The year 1744 brought the turning point in the destiny of the provincial priest. While accompanying Count Razumovsky and his court on a trip, Empress Elizabeth, daughter of Peter the Great, decided to visit the native places of her minions. Obviously, Kozelets stood out as a special point in her route, a place to which a great many Razumovskys had already departed, leaving their villages and farmsteads.

Elizabeth, as it went, visited town churches. Today, looking at the beauty of the town’s churches with many cupolas, it is hard to even imagine what “hole” the monarch was forced to look upon. All the architectural wonders that exist now appeared here much later, and in 1744, of the five Kozelets’ churches, only one — the Church of the Transfiguration—was made of brick. Today it would look more than humble against the backdrop of the magnificent Church of the Nativity of the Virgin Mary, but the Bolshevik cultural revolution has destroyed our chance for comparison—the oldest brick church in Kozelets was disassembled in the 1920s to use for bricks.

In other words, there weren’t any visible reasons for the ruler of a superpower to turn her attention to a simple provincial priest.

Traditionally these lacunae in history are filled in with legends. According to one of these legends, at a prayer service at one of the royal palaces on the banks of the Oster River, Elizabeth and Alexis Razumovsky were secretly married and the rite performed by our very own Fr. Kyrylo. Even experts approach this version with more conviction than skepticism. Either way, Tarlovskii had obviously performed some great favor for someone from the myriad of rulers, or else he had simply stood out from the masses and caught the “right” eye.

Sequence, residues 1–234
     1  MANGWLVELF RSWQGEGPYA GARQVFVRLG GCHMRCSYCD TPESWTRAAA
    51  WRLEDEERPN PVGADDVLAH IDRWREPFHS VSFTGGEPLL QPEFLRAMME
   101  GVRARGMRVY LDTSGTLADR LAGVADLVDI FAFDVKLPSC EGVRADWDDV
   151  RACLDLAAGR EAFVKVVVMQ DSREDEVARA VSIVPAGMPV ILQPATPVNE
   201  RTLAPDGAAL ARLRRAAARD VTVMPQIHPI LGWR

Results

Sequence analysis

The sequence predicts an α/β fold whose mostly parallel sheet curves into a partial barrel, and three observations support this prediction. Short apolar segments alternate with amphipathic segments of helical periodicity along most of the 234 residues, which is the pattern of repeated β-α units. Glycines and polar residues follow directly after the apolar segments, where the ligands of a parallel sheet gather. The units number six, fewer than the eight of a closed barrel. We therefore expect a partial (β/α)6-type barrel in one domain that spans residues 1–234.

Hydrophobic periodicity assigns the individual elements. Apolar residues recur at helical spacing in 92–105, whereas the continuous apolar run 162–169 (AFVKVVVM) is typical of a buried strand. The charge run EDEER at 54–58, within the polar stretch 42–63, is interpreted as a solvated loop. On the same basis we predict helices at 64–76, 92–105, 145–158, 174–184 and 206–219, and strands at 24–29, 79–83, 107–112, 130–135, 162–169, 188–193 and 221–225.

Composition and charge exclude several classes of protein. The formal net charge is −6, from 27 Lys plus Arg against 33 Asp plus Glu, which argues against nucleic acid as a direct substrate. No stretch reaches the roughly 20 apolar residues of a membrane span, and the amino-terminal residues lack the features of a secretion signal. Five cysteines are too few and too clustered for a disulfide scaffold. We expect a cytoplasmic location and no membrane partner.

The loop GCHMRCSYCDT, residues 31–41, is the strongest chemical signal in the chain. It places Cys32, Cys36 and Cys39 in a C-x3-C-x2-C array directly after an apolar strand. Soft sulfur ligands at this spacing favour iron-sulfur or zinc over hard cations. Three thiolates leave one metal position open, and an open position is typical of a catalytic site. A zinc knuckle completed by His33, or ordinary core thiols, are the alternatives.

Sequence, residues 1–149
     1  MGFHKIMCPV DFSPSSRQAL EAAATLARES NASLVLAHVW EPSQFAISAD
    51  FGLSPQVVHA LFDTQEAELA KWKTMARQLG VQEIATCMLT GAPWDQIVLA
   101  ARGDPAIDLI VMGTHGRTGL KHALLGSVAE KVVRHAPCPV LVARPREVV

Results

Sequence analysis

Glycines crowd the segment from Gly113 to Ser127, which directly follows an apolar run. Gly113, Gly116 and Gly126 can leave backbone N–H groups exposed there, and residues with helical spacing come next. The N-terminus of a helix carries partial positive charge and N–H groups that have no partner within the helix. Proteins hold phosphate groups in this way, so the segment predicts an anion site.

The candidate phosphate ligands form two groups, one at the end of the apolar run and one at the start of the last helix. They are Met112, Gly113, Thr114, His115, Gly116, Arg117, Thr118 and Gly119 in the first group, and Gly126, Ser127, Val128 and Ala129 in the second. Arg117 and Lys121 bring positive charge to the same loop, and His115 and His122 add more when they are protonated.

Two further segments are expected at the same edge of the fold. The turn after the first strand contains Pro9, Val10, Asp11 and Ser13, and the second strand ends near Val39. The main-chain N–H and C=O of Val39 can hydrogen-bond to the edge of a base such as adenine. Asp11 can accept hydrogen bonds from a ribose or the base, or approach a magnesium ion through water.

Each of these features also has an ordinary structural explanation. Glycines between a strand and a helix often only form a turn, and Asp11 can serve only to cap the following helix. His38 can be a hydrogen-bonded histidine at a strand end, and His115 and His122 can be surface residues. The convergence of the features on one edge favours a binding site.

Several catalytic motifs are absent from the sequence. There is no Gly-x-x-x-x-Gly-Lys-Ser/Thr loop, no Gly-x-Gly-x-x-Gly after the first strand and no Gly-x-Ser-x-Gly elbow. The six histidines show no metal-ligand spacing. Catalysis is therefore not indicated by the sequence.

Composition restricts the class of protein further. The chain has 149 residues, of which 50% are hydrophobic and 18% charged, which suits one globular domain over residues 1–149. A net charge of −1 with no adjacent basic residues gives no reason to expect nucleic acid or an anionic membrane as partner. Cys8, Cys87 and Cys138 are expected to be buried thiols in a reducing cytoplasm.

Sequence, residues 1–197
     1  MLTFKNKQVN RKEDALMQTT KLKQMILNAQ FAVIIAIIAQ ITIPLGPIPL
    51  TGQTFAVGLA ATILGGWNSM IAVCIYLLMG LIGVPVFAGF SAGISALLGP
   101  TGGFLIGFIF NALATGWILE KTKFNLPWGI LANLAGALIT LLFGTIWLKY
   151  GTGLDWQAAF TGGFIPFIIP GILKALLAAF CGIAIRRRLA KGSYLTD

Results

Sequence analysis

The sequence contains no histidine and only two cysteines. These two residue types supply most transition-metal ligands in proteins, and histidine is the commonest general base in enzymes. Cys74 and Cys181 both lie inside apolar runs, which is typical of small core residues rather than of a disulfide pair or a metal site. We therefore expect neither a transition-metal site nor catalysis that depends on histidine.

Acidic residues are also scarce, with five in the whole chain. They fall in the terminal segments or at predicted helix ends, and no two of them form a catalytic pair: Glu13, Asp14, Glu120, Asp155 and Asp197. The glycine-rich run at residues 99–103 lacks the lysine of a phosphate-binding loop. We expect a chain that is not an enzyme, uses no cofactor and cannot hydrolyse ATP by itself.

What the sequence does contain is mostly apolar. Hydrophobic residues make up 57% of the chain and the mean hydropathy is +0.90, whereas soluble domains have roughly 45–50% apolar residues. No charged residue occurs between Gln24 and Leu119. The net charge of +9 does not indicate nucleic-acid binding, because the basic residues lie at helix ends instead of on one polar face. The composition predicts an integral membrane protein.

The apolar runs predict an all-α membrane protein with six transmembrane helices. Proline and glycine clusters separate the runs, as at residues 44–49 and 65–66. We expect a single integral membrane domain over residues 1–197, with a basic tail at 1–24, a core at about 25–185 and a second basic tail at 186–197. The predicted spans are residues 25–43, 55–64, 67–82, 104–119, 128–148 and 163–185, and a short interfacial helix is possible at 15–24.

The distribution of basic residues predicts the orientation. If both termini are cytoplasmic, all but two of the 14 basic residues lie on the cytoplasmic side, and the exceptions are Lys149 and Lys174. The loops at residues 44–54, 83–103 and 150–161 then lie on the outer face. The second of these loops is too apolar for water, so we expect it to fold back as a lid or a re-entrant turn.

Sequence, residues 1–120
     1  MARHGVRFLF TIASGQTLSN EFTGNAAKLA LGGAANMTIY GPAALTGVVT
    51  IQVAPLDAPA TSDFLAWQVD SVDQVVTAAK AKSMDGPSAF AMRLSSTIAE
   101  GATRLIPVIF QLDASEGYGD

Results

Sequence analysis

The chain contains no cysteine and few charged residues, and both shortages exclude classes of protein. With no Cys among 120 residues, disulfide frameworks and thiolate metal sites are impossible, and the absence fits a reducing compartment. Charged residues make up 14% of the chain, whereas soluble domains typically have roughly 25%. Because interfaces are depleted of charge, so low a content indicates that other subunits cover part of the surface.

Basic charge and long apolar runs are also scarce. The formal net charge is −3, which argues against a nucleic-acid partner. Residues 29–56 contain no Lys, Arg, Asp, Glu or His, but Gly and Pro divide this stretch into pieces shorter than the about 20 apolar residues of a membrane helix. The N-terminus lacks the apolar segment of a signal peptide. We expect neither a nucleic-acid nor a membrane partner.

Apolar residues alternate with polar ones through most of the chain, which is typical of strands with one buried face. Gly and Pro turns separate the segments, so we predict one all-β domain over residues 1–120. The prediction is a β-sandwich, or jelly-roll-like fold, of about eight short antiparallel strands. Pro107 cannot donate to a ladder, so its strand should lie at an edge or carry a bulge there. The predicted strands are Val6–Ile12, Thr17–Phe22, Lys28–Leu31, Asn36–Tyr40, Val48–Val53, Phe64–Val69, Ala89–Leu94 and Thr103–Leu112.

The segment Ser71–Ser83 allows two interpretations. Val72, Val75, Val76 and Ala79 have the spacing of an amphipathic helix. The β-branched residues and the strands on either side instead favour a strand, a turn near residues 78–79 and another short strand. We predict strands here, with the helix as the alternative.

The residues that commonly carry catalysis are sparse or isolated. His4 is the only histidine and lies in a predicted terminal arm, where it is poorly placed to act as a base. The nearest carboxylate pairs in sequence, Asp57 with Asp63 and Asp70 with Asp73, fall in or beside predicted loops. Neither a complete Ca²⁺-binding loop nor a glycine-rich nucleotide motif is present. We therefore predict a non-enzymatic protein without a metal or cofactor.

Otherwise it is difficult to explain why an average Kozelets priest (not even a cathedral pastor) traveled with the monarch’s delegation all the way to St. Petersburg. And in the capital a glamorous future awaited him: the status of priestly minister in the Household Troops Company building, which led directly to the circles of influential courtside officers.

(Note: The Household Troops Company was the grenadier company (364 people) of the household troops Preobrazhensky Regiment, through whom Elizabeth carried out a government coup on 25 November 1741. From then on the household troops were transformed into a kind of regiment within a regiment and performed the function of the military company most attached and loyal to the princess. It was stationed next to the Winter Palace, which it defended. Peter III disbanded the company, but after some time Catherine II renewed it, in fact, effectively destroying her own status.)